What does it take to embed values and effect cultural change?

Barclays Bank boss wants to effect culture change through new values

Today I read that the Barclays boss tells staff to sign up to new values or leave.  It makes interesting reading, the following paragraph resonated with me:

“Over a period of almost 20 years, banking became too aggressive, too focused on the short term, too disconnected from the needs of our customers and clients, and wider society. We were not immune at Barclays from these mistakes.”

Then I read the following paragraph and my mouth fell open:

“He said bankers pursued short-term profits at the expense of the values and reputation of the organisation, and in the coming weeks more than 1,000 staff would be trained to spread the new values and embed them throughout the bank.”

Any ideas as to what it is about this paragraph that stopped me in my tracks?  I can tell you that it is not the first part of the paragraph. No, what stopped me in my tracks is the following:

“…. in the coming weeks more than 1,000 staff would be trained to spread the new values and embed them throughout the bank.

I get that the top man at Barclays wants to effect cultural change. And he is using values as a pillar of the new culture.  So far so good.  My question/concern is centred on how one embeds values and roots cultural change.

How do you train adults to spread the new values and embed them?  

I know you can train people to use a fire extinguisher.  I have undergone that training.  I know that you can train some people – if you put in a five days of intensive role based training – to become great facilitators.  I have undergone that training.  I know that you can train people to use a new CRM system. I have undergone that training.  Can you train people to live specific values?

Yes, you can preach values to them. Yes, you can pressure them into going through the motions of spreading values. No, you cannot embed values through training.  You cannot get people to live value simply through training and spreading the word.  To think that you can do so is to fundamentally misunderstand the being of human beings, values and culture.

I notice that the values that I live, often without even noticing that I live them, arise out of the way my parents lived and thus how I lived as a child.  I notice that there are values that bore themselves into me slowly by virtue of training intensively to become a chartered accountant.  I notice that there are values that gripped me as a result of working with a wide variety of people when I was running companies that had gone into receivership or administration.  I particularly notice the creative values that sized my being-in-the-world after spending twelve months working for a creative digital agency.  Up to that point I had put analytical value on the throne and looked down on creative people, creative values, creative lifestyles. Now I value the triad of creative-analytical-systemic values and thinking.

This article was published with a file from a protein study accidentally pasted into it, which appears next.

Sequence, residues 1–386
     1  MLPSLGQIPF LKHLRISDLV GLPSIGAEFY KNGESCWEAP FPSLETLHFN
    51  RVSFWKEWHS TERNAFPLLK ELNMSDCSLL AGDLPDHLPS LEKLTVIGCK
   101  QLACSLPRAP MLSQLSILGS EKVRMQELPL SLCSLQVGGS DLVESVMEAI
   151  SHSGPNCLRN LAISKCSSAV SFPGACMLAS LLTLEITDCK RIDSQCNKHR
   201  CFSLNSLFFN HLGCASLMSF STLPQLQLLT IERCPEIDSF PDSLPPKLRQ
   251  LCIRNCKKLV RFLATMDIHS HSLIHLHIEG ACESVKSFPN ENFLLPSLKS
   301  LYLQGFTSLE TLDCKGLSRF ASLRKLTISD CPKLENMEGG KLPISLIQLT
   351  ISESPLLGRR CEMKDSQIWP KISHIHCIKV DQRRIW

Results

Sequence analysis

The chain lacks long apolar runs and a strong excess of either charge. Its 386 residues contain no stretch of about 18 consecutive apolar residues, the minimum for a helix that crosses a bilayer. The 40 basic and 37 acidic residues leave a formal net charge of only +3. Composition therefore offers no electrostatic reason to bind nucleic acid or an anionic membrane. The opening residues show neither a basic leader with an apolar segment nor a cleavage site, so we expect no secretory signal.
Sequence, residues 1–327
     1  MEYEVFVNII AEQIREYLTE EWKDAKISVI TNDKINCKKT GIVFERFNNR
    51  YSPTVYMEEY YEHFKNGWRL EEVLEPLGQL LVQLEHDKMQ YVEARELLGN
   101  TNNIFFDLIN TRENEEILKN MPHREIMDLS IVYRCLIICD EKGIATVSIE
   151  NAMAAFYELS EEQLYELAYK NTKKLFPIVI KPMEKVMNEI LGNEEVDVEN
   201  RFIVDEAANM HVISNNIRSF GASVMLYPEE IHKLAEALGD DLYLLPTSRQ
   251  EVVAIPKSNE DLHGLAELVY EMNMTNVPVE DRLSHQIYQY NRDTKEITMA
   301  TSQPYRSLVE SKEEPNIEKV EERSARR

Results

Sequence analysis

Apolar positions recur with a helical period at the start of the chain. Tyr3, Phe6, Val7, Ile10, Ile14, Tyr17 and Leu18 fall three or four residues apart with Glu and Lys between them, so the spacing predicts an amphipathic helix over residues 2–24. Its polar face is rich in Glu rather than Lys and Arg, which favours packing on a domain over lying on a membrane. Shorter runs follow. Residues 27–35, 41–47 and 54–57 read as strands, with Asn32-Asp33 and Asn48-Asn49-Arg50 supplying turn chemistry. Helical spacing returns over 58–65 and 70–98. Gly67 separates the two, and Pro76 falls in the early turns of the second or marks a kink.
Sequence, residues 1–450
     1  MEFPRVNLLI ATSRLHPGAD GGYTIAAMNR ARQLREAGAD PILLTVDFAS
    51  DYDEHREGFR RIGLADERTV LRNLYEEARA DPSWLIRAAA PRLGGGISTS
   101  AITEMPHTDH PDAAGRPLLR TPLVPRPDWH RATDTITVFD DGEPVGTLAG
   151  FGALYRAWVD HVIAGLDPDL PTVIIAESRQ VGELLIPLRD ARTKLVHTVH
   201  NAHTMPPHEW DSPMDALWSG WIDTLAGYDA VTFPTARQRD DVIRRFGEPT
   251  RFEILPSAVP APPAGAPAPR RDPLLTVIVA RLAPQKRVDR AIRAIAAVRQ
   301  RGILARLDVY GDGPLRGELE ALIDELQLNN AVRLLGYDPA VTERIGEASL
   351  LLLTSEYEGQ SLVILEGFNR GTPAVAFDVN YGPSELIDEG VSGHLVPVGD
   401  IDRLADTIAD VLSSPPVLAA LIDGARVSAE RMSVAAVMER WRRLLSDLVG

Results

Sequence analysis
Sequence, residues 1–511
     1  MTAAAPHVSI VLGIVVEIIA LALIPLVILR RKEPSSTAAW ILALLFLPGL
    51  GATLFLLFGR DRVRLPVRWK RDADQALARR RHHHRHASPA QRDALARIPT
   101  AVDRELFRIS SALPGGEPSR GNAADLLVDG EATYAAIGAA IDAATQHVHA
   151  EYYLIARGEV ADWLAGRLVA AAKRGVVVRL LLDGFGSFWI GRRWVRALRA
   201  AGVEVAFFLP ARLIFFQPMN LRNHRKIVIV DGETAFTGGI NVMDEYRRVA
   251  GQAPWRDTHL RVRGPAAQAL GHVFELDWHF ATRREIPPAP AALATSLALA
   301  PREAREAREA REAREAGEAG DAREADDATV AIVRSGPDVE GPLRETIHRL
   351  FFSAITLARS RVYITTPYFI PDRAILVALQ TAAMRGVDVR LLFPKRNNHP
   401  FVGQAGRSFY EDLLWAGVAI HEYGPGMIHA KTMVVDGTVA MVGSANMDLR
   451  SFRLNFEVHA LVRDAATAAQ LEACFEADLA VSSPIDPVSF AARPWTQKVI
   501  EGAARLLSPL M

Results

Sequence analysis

Do we have values or do values have us?

Listen carefully, we don’t seize/live values, values worms themselves into us and eventually live us!  Yes, you read that right.  I am father to three and I can categorically state that their values are not the ones that I preached. No, they are the values that my wife and I lived.  How does that tend to happen?  Through a totality of interconnected references: language, talk, practices, equipment, paraphernalia, and projects pursued.

My advice to you and the top man at Barclays, forget the preaching, forget the training. Listen to Chris Bailey. Why? Chris, who has a post-graduate degree in anthropology, shed light on values and culture in his recent post titled Three Myths of Corporate Culture.  It is worth reading. Here is what he starts his list of myths with:

“Myth #1. Culture can be built, top-down.

Yes, it’s important for leadership to clearly articulate goals, values, and mission. But these elements merely provide direction and structure, the expectations of management. They are not the culture themselves. The problem is that management has come to see culture as one more way to institute controls over employees. If you read, “This is the [insert company name] way” when discussing culture, then you’re reading a top-down, executive mandate for what management wants the culture to be…but likely not what actually is. And just because the CEO says, “This is our culture” doesn’t make it true. It’s way bigger than that.”

To effect cultural change focus on equipment, language and practices

You might be new to culture change.  You might be new to the language I am using. And you might be wondering what is he talking about?  My response to Chris’ post on culture should clear up your confusion:

“Hello Chris

It occurs to me that you do have a richer nuanced understanding of culture. I am a simple guy and I strive to ask simple questions those to do with phenomenology. And so the question that I ask is where does culture reside? Put differently, where can I find it?

The likes of Khun and Heidegger have provided me with an access to that question. Culture lies in and is enacted in a totality of references that includes people, language, practices, equipment, paraphernalia, and projects pursued. If you get this then you get, for free, that the culture in marketing will not be the same as the culture of sales and neither will be the same as the culture in finance….